Ethical Performance
inside intelligence for responsible business


L&G UK Ethical Trust has its strong points, but they come at a cost that may be unpalatable to some

April 2008

L&G Ethical Trust is an ethical tracker, and there aren't many of those about. Ideally, such a fund would provide investors with low-cost exposure to a basket of ethical companies from its benchmark. After all, the point of putting your money in a tracker is largely to save on fees. Unfortunately, the fund does not entirely live up to those expectations.

It tracks a custom index created by screening the FTSE 350 index on a set of ethical criteria that was determined by L&G's Head of Corporate Governance, Andy Banks, in 1999. Banks and his team conducted research into what the man on the street deemed as ethically unacceptable. These factors were then passed to ethical research firm EIRIS to determine which FTSE stocks fulfilled that set of criteria. EIRIS monitors the list on an ongoing basis and informs L&G of changes to stock eligibility on a monthly basis.

This results in a portfolio that, relative to other ethical offerings, holds a higher proportion of giant and large cap stocks. As a result it is heavily underweight more unpredictable small and micro cap names, which helps reduce the fund's overall volatility. This is a point in the fund's favour, as low large-cap exposure and high levels of volatility make many ethical funds unsuitable as core holdings.

So far so good. However, the ethical criteria that led to that portfolio might surprise investors seeking a stringently screened offering. For example, it can hold companies that operate in up to four unsavoury countries, but not in five. The distinction appears to be without ethical justification, but it permits the fund to invest across a broader group of securities. Take Rio Tinto for example: The miner is not included in the fund, but the fund's custom-screened index includes others, such as BHP Billiton and Xstrata. The reason the latter are more concentrated, and unlike Rio, operate in fewer than five blacklisted countries (countries with poor human rights records).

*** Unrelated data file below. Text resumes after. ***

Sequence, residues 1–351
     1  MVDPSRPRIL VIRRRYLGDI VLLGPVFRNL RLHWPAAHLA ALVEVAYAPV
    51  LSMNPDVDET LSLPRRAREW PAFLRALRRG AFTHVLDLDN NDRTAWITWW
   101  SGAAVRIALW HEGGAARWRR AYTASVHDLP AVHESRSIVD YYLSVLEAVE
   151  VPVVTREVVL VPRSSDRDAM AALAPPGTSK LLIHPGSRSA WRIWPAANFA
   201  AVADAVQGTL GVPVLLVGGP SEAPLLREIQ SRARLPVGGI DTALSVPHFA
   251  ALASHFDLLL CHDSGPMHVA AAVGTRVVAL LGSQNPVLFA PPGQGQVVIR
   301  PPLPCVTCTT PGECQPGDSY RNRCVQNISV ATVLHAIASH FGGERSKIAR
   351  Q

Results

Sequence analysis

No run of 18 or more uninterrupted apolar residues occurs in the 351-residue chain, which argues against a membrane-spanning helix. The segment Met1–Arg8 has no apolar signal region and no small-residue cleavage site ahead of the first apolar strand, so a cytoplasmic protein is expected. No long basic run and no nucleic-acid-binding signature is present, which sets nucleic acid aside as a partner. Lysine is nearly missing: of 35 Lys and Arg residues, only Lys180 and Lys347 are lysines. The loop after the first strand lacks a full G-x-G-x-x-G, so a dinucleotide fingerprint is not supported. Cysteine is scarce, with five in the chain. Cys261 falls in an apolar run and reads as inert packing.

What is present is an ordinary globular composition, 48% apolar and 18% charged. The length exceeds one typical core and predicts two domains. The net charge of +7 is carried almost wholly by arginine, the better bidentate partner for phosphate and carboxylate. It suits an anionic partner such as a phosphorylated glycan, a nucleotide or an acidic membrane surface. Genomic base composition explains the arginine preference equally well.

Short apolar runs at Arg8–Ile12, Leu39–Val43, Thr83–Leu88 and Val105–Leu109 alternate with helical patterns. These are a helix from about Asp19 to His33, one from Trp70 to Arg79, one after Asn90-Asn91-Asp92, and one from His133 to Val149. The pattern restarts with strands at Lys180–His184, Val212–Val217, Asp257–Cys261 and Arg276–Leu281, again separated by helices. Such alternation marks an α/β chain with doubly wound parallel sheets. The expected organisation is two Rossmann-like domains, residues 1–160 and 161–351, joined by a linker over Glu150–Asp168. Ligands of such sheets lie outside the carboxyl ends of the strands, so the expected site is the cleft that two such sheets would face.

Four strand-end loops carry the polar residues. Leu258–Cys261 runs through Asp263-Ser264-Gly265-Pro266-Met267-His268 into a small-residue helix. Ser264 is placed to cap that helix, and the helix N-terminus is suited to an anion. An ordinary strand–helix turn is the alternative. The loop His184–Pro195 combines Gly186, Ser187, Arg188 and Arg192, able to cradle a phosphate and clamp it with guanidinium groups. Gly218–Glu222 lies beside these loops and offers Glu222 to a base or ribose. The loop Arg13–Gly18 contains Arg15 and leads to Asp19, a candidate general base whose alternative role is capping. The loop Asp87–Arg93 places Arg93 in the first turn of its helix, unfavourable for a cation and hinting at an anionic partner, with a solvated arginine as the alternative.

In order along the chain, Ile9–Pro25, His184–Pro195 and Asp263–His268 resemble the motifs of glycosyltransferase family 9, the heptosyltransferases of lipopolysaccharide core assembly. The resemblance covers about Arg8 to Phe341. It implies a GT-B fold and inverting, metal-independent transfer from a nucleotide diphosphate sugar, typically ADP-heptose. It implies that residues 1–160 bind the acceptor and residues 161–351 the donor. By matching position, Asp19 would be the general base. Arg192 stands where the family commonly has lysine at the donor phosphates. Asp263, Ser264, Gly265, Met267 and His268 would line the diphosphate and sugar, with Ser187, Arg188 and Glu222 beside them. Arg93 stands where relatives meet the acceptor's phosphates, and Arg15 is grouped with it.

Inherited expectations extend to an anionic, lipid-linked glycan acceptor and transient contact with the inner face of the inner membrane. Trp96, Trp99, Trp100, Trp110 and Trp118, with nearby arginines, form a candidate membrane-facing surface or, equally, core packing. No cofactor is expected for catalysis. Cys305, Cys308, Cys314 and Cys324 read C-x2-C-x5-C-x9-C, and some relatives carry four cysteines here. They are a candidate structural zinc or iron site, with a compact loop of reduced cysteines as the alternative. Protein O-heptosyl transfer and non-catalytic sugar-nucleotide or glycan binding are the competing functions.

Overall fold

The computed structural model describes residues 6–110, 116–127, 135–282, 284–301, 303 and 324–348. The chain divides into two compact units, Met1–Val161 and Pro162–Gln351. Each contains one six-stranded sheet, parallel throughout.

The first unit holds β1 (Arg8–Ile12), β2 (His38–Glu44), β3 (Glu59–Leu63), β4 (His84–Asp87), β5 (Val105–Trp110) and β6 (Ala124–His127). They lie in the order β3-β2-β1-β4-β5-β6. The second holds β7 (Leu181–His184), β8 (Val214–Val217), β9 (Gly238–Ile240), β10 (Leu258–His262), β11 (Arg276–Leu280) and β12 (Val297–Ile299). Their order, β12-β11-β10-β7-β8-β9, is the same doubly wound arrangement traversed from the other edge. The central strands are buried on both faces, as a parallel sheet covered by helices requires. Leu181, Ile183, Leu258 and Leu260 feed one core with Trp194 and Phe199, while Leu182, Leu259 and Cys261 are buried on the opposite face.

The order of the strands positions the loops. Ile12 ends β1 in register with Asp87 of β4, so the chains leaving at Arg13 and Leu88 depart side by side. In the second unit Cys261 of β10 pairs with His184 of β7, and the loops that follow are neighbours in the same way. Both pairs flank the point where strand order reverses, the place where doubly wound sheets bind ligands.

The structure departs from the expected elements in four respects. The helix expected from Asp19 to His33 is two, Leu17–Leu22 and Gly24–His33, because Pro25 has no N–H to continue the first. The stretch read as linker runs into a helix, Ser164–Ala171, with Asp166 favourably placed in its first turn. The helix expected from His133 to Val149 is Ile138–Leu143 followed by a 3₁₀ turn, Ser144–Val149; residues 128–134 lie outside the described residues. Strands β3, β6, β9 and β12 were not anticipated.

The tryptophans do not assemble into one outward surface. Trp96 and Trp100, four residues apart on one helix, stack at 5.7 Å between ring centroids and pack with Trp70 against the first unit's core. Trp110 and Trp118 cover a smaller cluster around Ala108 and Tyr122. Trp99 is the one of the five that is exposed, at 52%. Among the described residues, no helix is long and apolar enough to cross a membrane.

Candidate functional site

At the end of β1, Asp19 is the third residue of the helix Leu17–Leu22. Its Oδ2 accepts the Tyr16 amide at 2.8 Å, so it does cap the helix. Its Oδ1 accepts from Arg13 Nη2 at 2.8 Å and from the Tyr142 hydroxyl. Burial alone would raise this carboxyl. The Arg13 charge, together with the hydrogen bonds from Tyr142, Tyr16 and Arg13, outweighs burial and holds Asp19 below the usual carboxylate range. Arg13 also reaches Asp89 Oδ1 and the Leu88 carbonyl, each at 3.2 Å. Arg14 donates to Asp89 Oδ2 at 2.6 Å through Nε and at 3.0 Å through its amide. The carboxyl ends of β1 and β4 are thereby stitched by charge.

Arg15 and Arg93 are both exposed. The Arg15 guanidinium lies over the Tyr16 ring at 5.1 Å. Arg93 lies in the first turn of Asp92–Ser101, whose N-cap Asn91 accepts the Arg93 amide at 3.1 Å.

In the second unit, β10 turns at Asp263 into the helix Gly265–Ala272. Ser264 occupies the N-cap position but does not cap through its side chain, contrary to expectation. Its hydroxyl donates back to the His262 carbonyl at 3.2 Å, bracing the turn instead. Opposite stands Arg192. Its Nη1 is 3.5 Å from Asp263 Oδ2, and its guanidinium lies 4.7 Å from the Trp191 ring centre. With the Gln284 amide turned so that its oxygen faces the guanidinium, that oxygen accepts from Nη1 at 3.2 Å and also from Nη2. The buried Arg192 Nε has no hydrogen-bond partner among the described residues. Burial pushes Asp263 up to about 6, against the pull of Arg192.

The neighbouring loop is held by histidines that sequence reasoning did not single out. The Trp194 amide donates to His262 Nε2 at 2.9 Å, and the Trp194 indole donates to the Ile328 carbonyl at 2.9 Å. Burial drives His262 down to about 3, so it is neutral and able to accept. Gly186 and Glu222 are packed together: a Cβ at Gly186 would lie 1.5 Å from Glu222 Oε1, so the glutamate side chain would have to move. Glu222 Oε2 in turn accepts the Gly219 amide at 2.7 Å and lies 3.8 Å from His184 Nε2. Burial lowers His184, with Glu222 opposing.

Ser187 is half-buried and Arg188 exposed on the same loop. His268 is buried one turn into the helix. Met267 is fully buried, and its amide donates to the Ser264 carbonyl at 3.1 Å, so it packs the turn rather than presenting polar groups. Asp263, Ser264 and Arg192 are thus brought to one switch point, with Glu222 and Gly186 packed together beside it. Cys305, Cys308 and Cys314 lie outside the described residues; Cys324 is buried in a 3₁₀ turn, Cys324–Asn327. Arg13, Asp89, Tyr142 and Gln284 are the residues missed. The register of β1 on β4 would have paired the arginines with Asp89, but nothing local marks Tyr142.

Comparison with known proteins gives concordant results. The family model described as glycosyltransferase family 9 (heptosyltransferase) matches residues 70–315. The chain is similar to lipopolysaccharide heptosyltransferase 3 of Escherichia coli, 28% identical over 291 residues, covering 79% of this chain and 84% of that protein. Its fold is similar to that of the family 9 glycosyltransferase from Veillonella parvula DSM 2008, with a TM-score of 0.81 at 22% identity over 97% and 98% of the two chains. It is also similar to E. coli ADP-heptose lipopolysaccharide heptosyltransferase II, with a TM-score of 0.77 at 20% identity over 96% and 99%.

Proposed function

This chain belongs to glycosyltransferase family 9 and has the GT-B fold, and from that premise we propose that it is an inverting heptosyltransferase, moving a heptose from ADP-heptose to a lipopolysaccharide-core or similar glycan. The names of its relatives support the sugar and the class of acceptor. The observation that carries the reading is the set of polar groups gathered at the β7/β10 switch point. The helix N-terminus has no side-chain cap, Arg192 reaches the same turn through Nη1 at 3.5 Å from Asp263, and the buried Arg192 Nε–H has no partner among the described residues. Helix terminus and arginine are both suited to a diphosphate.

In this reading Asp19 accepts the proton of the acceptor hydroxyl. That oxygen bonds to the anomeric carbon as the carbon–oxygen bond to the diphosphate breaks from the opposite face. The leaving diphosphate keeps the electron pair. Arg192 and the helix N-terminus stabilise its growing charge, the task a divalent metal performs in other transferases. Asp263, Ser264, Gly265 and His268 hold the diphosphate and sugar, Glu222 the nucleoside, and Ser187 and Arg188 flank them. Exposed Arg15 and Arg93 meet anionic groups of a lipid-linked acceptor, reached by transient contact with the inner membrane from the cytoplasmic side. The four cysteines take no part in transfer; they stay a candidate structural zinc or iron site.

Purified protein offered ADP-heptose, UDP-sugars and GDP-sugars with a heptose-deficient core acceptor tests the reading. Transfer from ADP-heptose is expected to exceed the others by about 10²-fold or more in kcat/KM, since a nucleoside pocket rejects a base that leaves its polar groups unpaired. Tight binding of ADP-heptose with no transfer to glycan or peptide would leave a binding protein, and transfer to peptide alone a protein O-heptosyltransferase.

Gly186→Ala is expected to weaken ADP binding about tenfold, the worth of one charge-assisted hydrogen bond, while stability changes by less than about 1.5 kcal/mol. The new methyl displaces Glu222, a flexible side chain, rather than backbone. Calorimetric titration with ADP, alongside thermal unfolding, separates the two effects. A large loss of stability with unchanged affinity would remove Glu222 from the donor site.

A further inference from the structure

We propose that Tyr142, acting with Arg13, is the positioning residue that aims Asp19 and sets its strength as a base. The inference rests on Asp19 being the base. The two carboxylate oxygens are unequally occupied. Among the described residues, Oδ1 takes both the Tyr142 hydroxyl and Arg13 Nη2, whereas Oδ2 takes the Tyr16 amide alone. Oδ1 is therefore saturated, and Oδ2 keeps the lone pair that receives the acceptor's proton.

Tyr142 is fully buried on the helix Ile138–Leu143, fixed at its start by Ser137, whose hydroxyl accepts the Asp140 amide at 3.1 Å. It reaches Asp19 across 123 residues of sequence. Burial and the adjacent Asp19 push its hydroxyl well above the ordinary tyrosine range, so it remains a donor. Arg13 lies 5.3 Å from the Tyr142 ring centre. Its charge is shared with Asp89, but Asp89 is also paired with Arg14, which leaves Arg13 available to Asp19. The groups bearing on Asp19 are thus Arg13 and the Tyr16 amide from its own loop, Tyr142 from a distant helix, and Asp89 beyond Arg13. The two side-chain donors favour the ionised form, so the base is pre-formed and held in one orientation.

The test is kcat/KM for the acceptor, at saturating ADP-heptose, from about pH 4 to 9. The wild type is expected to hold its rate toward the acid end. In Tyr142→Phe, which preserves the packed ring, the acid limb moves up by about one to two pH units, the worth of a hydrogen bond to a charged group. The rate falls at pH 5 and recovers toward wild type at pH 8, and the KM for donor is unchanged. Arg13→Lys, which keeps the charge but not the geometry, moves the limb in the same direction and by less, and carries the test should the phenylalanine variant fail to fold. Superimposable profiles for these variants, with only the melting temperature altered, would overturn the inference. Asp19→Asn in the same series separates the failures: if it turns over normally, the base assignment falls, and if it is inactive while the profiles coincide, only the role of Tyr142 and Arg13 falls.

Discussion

As befits any passively managed fund worth its salt, manager Ian Clarke employs strategies to keep transaction costs down. For example, he cross trades internally wherever possible to avoid brokerage costs. This is important given that companies can move in or drop out of the benchmark on a monthly basis. However, in terms of its ongoing costs excluding trading, we believe the fund is disappointing. L&G charges investors a TER of 1 per cent per year to run this offering. We appreciate that there will be a fee paid to EIRIS for the social screening, and the fund is cheap by ethical-fund standards, but at the end of the day, it's expensive for a fund that requires no active management. By comparison, FTSE All-Share tracker Fidelity Moneybuilder UK Index fund charges just 0.28 per cent per annum in TER. That fund is the cheapest index offering in the UK, and is not ethically screened, but it means that investors are essentially paying a 72 basis point per annum premium here for this fund's ethical screens.

The fund has its good points: It offers more core-like equity exposure than most ethical offerings; it is the cheapest retail ethical fund, as it should be given that it's passively managed; and it has performed solidly relative to other UK-focussed ethical offerings, returning 1 per cent per annum more than its peers over the last 5 years. Nevertheless the latter partly reflects a strong 2007 campaign, where its large-cap bias and willingness to own mining companies helped it substantially. But the question is whether its criteria are strict enough to merit investments from those truly concerned about ethics. For many, the answer may be no. Further, although the fund is cheap for an ethical fund, we believe it should be less costly.

The fund aims to track the performance of companies contained within the FTSE 350 (ex IT) whose business conforms to a range of ethical and environmental guidelines. All such companies will be held with weightings generally proportionate to their market capitalization, so that the fund is passively managed to track the group of stocks that pass the fund's screens. The criteria for exclusion were developed by L&G following market research of customer preferences in 1999, with the process overseen and developed by LGIM Corporate Governance Manager, Andy Banks. Based on these criteria (listed below) EIRIS, the independent ethical research organization, analyze all constituents within the FTSE 350 Index and filter out unacceptable securities. Companies have been excluded if they are substantially involved in or cause: Animal testing, Countries with poor human rights records, Gambling, Health & Safety breaches, Intensive farming, Major arms exporter to oppressive regimes, Nuclear Power, Pornography, Processing, use or sale of tropical hardwood, Production of ozone depleting chemicals, Production or sale of tobacco, Production or sale of weapons systems, Provision of nuclear weapons and Water pollution.

Fund Manager Ian Clarke is highly experienced and is responsible for the team managing the UK and Asia-Pacific Markets equity index funds. Clarke joined L&G in June 1971 with a degree in Mathematics from Oxford University. He transferred to LGIM in 1973, and qualified as a Fellow of the Institute of Actuaries in 1976. His career in UK equities began in 1973 where he initially worked in the actively managed UK Equity team with responsibility for investment analysis of various UK market sector. He subsequently managed a number of UK equity funds, transferring to Index Funds in 1996.

This piece was provided courtesy of Morningstar, an Independent Investment Research Firm.

Legal & General | Global | SRI


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